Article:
MEXICO CITY — Growing human-rights violations in Mexico have begun to alter foreign perceptions of the country and its political system. The abuses have touched many sectors of society. Observers and analysts of Mexican society--including this writer--have suddenly become unwilling participants in Mexican politics.
The highly favorable foreign view of President Carlos Salinas de Gortari rested on a credible--yet false--premise. His administration, it was believed, had undertaken a bold economic modernization program that, unfortunately, had not yet been matched by a similar drive to reform the country's political system. In time, though, politics would open up.
Explanations in the foreign press for this unevenness varied. Some articles attributed it to the inertia common to an authoritarian system undergoing change. Others cited resistance within the ruling Partido Revolucionario Institucional. Still others blamed Salinas' ambition and thirst for power. But whatever the reason for the political-economic imbalance, the consensus abroad was that it would be worked out with time.
In fact, the foreign applause for the Mexican administration's economic policies was partly blind. If Salinas' program were generating the expected results--price stability, economic growth, greater competitiveness reflected in rising exports--it should produce the liberalizing effects that successful economic policies bring. Thus the enigma: If, thanks to a widely praised economic program, the economic and social welfare of most Mexicans is improving, there is no reason to keep on fearing democracy. If the economy is working, why not open up the political system and win across-the-board? Why is Salinas stubbornly unwilling to carry out true political reform and banish, once and for all, electoral fraud from Mexico?
Because the economy has not been performing the way it was expected, and thus the awaited political effects have not materialized. Any political opening would pave the way for an electoral debacle for the ruling party. Therefore, there is no true democratization in sight.
The big problem with Salinas' economic program is that its main justification lies more in the failure of previous policies than in its merits. The program requires huge amounts of external resources that are simply unavailable, a type of entrepreneurial elite that Mexico has never had and something that the Mexican president does not have--time. In the long run, his conservative economic program may work; in the short and medium terms, it doesn't look like it will.
Not that all is gloom and doom. There is no economic crisis on the horizon. Indeed, the Salinas term is looking more and more like an improved version of his predecessor's. Instead of the net zero economic growth during the administration of Miguel de la Madrid, the economy is expanding at a rate of 2% to 2.5%, roughly the equivalent of population growth. The Mexican economy can pay its foreign bills, but only keep pace with population increases. Or if it receives a much greater infusion of foreign funding to meet its debt service and trade gap, the economy can grow faster than the population.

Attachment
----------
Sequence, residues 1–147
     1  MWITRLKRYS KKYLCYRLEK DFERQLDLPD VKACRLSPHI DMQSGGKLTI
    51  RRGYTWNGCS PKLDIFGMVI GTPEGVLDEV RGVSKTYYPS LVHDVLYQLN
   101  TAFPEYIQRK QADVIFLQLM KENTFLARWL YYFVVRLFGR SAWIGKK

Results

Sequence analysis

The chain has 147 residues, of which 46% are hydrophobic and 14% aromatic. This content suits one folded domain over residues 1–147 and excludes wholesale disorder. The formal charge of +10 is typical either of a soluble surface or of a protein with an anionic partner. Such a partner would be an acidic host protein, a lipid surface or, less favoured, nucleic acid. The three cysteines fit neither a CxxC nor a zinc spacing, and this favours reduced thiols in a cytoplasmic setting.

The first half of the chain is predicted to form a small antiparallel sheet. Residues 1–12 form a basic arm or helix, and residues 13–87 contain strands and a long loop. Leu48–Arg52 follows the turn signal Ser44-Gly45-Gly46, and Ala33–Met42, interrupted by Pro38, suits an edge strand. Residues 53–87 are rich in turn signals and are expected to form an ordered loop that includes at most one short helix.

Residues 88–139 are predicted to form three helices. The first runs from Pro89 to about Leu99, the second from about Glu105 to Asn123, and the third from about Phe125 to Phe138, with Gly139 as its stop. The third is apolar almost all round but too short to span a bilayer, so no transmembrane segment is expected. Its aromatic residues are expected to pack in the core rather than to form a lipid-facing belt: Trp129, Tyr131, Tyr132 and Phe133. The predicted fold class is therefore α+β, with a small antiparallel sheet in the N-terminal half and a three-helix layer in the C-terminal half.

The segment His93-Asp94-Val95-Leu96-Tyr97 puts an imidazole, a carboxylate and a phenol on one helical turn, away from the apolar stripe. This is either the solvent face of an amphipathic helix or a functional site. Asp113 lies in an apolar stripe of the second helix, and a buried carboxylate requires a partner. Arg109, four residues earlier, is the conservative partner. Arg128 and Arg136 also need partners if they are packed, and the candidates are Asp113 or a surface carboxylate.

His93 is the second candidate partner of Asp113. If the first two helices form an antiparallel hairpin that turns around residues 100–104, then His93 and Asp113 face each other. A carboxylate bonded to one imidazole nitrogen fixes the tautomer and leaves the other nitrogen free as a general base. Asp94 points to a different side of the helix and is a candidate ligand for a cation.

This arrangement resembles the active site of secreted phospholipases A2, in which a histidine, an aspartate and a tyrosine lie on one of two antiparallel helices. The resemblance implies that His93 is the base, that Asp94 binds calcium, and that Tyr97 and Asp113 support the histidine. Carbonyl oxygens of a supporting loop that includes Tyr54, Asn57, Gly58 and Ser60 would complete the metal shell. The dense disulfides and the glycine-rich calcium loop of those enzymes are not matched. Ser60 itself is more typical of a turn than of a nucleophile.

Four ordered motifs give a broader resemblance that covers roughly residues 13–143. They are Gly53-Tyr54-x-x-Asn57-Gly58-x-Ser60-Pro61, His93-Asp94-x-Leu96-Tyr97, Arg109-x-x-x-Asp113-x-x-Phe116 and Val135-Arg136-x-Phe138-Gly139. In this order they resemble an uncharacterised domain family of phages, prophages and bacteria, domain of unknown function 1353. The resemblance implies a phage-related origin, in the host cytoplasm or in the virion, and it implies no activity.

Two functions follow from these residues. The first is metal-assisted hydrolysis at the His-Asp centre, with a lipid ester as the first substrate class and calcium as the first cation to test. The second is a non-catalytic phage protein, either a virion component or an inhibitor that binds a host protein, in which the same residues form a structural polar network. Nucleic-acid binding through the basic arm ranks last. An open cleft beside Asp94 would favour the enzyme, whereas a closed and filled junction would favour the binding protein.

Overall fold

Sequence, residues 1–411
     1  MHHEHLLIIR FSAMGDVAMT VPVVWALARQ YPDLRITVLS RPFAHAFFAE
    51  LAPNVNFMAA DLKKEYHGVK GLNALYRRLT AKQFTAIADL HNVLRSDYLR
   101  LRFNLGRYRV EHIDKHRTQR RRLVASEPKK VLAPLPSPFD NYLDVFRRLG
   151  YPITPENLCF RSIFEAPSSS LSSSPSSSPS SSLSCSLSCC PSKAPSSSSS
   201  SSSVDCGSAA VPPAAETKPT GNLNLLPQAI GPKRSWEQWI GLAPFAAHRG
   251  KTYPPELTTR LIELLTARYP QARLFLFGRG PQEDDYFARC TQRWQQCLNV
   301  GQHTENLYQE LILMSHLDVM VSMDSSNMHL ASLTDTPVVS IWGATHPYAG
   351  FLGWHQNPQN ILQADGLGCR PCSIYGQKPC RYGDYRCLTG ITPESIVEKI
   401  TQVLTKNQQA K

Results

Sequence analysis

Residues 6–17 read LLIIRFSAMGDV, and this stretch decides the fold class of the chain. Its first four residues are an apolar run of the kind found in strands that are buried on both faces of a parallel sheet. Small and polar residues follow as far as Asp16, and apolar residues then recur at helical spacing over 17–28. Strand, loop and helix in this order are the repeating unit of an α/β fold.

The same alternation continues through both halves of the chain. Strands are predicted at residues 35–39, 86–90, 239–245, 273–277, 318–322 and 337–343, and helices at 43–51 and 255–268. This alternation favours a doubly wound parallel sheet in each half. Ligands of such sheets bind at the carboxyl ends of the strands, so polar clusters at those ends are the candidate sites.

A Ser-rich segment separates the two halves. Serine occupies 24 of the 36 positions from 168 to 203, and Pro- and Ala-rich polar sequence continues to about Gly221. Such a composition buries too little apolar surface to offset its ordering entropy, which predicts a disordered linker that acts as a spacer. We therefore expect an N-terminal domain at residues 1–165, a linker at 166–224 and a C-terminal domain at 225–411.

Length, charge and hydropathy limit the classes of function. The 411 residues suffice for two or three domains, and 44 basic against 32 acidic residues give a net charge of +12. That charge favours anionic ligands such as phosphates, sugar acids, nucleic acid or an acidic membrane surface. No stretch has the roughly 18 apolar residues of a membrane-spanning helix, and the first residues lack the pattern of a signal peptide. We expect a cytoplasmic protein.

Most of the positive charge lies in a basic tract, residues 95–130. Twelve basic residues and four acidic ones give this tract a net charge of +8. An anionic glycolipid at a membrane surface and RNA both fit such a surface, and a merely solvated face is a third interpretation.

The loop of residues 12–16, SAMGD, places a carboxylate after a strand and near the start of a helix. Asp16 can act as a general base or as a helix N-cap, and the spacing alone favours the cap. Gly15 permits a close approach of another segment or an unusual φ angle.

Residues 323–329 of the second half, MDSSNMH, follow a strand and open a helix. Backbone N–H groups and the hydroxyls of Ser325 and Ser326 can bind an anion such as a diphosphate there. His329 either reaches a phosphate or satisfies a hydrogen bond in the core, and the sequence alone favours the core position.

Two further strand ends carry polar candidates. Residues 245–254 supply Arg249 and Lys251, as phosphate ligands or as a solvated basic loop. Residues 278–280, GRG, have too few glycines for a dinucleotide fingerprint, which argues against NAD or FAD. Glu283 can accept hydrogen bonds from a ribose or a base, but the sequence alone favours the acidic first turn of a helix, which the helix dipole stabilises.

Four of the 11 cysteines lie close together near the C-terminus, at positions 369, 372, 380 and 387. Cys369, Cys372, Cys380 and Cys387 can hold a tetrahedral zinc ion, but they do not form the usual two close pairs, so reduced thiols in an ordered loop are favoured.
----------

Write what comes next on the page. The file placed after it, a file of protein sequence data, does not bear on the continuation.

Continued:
In 1989, economic growth barely surpassed that of population growth. This year, it will probably fall behind--not because of error or accident but because of a deliberate cooling of the economy by the Salinas administration. It lacks the hard currency to finance a higher rate of expansion. The foreign trade figures for the first four months of this year were ominous: The trade deficit reached $874 million. At that rate, the yearly gap would be nearly $3 billion.
Meager economic growth and pressures to open up the political system have led to an atmosphere of domestic tension and external one-upmanship. The tension at home stems from continuing electoral fraud: In every vote, the PRI and the government, at all levels, do everything they can to win. They concede defeat only when faced with absolutely no alternative. The consequences: attrition, disenchantment and discredit not only for the government but also for the opposition, particularly the center-left.
The external one-upmanship is equally apparent. As the economy slows down and the influx of foreign funds tapers off, the Salinas administration feels forced to make greater concessions to and advances toward its chief benefactor--the United States. It proposes a free-trade agreement without weighing the consequences of using strategic economic policy instruments to solve short-term cash-flow problems. It pursues increasingly radical, supply-side economic policies that shift the government farther and farther from the political center. It launches an ill-conceived but much-vaunted war on drugs.
Tragically, anti-drug cooperation is one of the factors leading to the deteriorating human-rights situation in Mexico. As U.S. cooperation in obtaining funding becomes more and more decisive, Mexican cooperation in the war on drugs becomes ever more necessary.